Starting as, essentially, a grocery store for pets, Pet Supplies Plus’ merchandise has evolved over the years. Today, stores contain many hard goods such as pet toys, leashes, bedding and clothing. Each store has north of 10,000 SKUs. Adds Rowland: “We have the largest assortment of natural, holistic dog food, but we also have hard goods for all species: dog, cat, small animal, bird, fish, reptile. We also carry live animals. So it really is a one-stop-shop for pets.”
Speaking of live animals, one would assume maintenance would be a daily difficulty. Not so, says Rowland. When it comes to maintaining its stores, Pet Supplies Plus knows it has some unique challenges — not the least of which is taking care of live animal habitats — but overall, the maintenance headaches are few and far between. Age is actually the main enemy — with some stores being 20 years or older, equipment such as HVAC could be nearing the end of its life cycle. “Last summer was kind of warm and we replaced a lot of them,” Rowland says. He mentions sliding doors at the front of the store as another area requiring regular maintenance. “Really other than that, our stores hold up pretty well over 20, 30 years.”
To keep things fresh, Pet Supplies Plus has a remodel schedule in place, addressing two or three stores a year, as well as a rolling refresh system that addresses things like signage and painting in a larger number of stores. The company is rolling out a brand new sign package in 2016, starting with corporate stores in April 2016 with franchise stores to follow.
“Typically when a franchise renews every 5 years, as part of the renewal there will be a small refresh that comes with it,” Rowland explains. “Making sure the paint is fresh, the bathrooms are in good shape, and any fixtures that may have been worn get replaced. If we have updated sign packages at that point, they would get adopted during that remodel. The big remodels we tend to do two or three a year, and that’s usually in conjunction with signing up a longer term lease with the landlord.”
For a larger remodel, everything gets addressed — from flooring to fixtures to adding a pet wash station if it’s an older store that doesn’t have one. “Those tend to be much more significant in scope and scale,” says Rowland. “It often requires re-racking all the merchandise in the store and can run anywhere from $150,000 to $250,000.”
For its repair and maintenance, Pet Supplies Plus employs FaciltySource, a Columbus, Ohio-based national facilities management company, to provide a one-stop-shop to deploy third-party contractors to make the fix, track all repairs, and prepare reports showing Pet Supplies Plus where it’s spending its money. Franchised stores have the option to use FacilitySource, or opt to do their own repairs.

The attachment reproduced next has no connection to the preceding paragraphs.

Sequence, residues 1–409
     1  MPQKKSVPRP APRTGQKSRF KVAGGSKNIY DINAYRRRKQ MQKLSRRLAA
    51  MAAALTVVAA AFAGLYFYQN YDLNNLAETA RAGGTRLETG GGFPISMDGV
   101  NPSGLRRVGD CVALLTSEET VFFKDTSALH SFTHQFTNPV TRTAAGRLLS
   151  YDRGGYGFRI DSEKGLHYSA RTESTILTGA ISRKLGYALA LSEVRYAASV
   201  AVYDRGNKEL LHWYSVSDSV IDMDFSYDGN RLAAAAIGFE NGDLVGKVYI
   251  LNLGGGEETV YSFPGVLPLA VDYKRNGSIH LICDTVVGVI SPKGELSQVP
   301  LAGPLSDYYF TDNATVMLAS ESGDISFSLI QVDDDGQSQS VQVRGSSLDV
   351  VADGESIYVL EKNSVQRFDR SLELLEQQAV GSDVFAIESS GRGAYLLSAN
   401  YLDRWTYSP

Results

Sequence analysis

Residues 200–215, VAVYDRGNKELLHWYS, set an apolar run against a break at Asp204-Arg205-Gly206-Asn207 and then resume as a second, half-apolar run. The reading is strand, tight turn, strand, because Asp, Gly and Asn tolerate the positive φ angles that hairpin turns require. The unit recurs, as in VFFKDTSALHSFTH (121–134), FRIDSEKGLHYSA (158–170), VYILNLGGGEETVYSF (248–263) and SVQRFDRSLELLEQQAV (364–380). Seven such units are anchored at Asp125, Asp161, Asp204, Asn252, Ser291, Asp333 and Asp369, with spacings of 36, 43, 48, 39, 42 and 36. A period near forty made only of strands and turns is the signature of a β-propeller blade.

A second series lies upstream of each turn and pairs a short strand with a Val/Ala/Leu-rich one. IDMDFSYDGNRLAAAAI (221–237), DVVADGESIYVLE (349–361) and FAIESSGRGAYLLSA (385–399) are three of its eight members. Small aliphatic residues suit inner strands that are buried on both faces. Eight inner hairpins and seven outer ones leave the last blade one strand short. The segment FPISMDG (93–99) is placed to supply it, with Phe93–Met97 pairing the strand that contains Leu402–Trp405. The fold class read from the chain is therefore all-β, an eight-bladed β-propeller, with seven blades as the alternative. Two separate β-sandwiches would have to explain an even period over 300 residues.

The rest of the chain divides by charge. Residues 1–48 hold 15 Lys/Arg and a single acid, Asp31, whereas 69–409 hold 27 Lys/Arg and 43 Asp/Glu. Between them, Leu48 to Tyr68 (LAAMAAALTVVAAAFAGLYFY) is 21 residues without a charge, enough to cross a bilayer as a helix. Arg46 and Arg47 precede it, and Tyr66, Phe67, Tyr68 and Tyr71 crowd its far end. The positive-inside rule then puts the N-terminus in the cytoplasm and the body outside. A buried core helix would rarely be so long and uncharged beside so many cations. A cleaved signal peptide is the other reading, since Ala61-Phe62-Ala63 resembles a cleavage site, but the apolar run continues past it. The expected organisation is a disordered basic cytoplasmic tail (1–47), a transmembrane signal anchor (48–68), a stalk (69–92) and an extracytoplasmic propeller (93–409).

“The beauty of having a franchise business, especially owner-operators who may have been born and raised in the town or have lived there for 20 years, often they have better contacts than we do, even, in terms of getting things fixed at a reasonable cost,” says Rowland.
According to Rowland, national providers typically handle trades such as HVAC, sliding doors, plumbing, pest control, and other large-fixture items. “FacilitySource typically uses smaller providers when it’s unique issues; they have a mix depending on what the need is.”
Currently, Pet Supplies Plus is testing a new LED lighting program at a store in Michigan. The entire store has been relamped from fluorescents to LED, and according to Rowland, the initial ROI results are positive. “We’re looking by state to figure out our rollout plan now,” he says.
Pet Supplies Plus appears primed for expansion as it mobilizes various large-scale rollouts, from lighting to equipment upgrades. The company is also rolling out all-new POS systems and recently invested $15 million in back-office IT upgrades.
“That’s going to allow us to do a lot of things from some type of e-commerce play to ‘buy online, pick up in store’ to localization of our franchisees to make their local homepage feel like their store and be part of the neighborhood,” says Rowland. “Those are some of the bigger things we’re working on. We want to become even more local and more adaptable to the local neighbor than what you’d typically see in a chain of 300 stores doing the same thing. Ideally, we want to be 300 stores having a local, neighborly feel and flair.”
Rowland adds: “We’re not slowing down — we’re actually going the other way. For a 25-year-old business, that’s not a bad place to be.”
— This article originally appeared as the May 2016 cover story of Retail & Restaurant Facility Business. Email the editor at firstname.lastname@example.org.